December 6, 2008

Christ's Most Strident Rebuke

As Christ’s time on earth was drawing to a close, His ministry took on a new urgency. His miracles became more dramatic and improbable. Lazarus, for example, had been dead three days when Jesus—near the end of His earthly sojourn—brought the man to life. The Savior’s criticisms, too, grew increasingly strident, as if He’d passed a critical juncture after which indirect parables no longer served His purpose. At a time when it seemed most critical that He be heard and His words be recorded plainly, to whom did He direct His most scathing rebukes? Were they murderers? Adulterers? Thieves?

No—though I’m sure there were plenty of such unrepentant sinners in His day—Christ’s most pointed criticisms were focused on, of all people, hypocrites. In fact, Jesus uses the term, “Scribes and Pharisees, Hypocrites,” no less than seven times in Matthew 23 alone and makes similar comments near the final chapters of the other synoptic gospels. Does this seem odd? With serious sin abounding, why would Jesus spend His last remaining days on earth pointing to a character flaw? Again, we see Him demanding a higher standard, one that condemns even acts consistent with the letter of the Mosaic Law.

The Scribes and Pharisees of whom Jesus spoke were people with social standing and political influence, yet He called them: “blind guides, which strain at a gnat, and swallow a camel.” By this metaphor, He pointed to their habit of ignoring the Mosaic Law’s intent while twisting its interpretation for personal gain. The passage harkens to Christ’s remark about Corban, which is recorded in Mark 7. Corban, of course, referred to the practice of pledging personal assets to a religious organization—a noble gesture, one might assume. The statute, however, was used as a loophole to place assets beyond the reach of aged parents and avoid the law’s requirement to: “Honour thy mother and thy father.”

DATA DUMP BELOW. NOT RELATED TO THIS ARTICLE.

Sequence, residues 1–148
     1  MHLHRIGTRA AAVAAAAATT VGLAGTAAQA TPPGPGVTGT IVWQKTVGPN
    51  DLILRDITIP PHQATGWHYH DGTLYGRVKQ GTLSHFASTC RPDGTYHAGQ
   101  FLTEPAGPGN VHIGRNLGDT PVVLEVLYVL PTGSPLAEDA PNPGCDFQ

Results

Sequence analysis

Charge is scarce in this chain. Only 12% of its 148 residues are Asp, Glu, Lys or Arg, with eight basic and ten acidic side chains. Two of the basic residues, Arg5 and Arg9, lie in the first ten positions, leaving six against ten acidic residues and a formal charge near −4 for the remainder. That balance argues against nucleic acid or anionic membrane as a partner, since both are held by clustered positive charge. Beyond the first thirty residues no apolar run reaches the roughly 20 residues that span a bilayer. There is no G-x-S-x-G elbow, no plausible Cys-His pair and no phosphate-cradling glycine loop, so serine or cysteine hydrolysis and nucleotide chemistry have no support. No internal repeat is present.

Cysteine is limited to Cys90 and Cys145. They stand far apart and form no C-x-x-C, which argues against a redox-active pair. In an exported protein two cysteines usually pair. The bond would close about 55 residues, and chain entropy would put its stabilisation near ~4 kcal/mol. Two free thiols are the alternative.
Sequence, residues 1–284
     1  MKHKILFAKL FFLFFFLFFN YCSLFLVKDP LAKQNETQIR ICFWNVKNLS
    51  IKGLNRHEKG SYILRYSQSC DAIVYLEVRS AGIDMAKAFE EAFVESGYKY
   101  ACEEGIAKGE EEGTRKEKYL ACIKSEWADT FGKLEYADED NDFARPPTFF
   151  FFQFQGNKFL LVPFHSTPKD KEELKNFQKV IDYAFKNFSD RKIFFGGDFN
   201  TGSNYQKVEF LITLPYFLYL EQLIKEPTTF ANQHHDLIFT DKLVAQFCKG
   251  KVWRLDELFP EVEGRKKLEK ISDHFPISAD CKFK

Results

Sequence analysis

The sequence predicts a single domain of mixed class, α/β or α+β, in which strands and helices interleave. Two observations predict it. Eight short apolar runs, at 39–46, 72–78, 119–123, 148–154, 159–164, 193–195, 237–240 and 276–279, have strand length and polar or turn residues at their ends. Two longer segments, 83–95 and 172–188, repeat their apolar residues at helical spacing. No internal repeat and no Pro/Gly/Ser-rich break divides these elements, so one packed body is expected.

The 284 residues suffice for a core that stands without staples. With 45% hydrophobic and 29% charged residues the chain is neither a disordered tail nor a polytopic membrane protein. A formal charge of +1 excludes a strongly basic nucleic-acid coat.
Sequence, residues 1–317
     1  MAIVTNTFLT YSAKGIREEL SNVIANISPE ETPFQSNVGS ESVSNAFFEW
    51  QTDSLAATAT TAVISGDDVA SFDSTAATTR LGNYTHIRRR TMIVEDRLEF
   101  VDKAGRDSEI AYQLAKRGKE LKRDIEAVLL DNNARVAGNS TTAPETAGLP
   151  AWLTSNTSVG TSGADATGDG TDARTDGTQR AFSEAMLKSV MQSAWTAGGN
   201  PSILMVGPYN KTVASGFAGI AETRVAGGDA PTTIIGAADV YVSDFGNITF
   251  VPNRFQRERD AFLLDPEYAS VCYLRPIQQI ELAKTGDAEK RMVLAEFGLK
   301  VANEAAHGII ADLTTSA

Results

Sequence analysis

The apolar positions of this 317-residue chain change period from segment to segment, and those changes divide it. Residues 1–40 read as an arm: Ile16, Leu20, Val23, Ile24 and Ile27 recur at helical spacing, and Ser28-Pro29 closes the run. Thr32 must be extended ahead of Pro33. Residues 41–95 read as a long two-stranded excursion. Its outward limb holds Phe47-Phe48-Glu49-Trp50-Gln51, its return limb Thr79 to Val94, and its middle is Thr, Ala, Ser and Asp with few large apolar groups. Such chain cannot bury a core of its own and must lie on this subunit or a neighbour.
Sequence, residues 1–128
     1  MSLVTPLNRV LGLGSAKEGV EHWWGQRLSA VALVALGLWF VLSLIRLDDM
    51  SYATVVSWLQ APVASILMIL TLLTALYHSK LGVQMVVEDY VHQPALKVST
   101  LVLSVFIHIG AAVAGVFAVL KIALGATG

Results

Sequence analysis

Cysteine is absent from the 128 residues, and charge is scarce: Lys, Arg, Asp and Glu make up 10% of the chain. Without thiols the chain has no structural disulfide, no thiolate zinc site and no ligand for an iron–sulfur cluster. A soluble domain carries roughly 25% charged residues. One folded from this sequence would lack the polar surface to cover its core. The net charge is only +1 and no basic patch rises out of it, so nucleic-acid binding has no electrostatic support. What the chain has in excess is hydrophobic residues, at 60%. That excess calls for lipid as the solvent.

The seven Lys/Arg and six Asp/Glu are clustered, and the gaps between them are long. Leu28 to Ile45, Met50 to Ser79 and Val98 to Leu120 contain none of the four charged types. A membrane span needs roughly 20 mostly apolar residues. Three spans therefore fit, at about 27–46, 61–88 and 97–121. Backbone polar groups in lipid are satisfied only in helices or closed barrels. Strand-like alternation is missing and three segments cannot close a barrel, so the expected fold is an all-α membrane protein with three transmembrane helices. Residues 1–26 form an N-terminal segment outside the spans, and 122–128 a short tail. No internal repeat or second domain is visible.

For this reason, Jesus compared the Scribes and Pharisees to Whited Sepulchers—the painted and decorous tombs that marked the graves of the rich—saying they, “appear beautiful outward, but are within full of dead men’s bones, and of all uncleanness.” The contrast to a spiritually decayed people, who put on a holy pretense, is striking.

I consider the scripture a rebuke against the actions of certain religious organizations—my own church included—that recently raised tens of millions of dollars in order to take away the rights of gay couples in California to wed. Proponents of Proposition 8 fought to restrict the meaning of marriage to a union between a man and a woman and rallied considerable resources (resources that could have been used to fulfill Christ’s admonition to feed the poor) in order to define a word in its statutory context. This, to me, smacks of people straining at gnats and swallowing camels. As a devout Christian, I have to believe with every fiber of my being, that it isn’t God’s will, but the intolerance of individuals that prevent us from understanding and living a higher, more inclusive, truth about love and marriage. I have to believe this, because to accept the alternative would be intolerable for me.

Perhaps the reason why Christ was so critical of hypocrites is that it is nearly impossible to heal a dishonest heart, particularly one that has learned to rationalize inappropriate behavior away. M. Scott Peck in The Road Less Traveled describes the difference between a neurosis and a character disorder—two broad categories that define a range of mental health conditions. While people with neuroses tend to be overly self-critical, but can be healed with proper attention, those with character disorders can never admit to being wrong and therefore rarely change. If we, like the Scribes and Pharisees of Christ’s time, insist upon tinkering with semantics in order to avoid living the gospel honestly and compassionately, can we really say we’re living Christ’s higher law?

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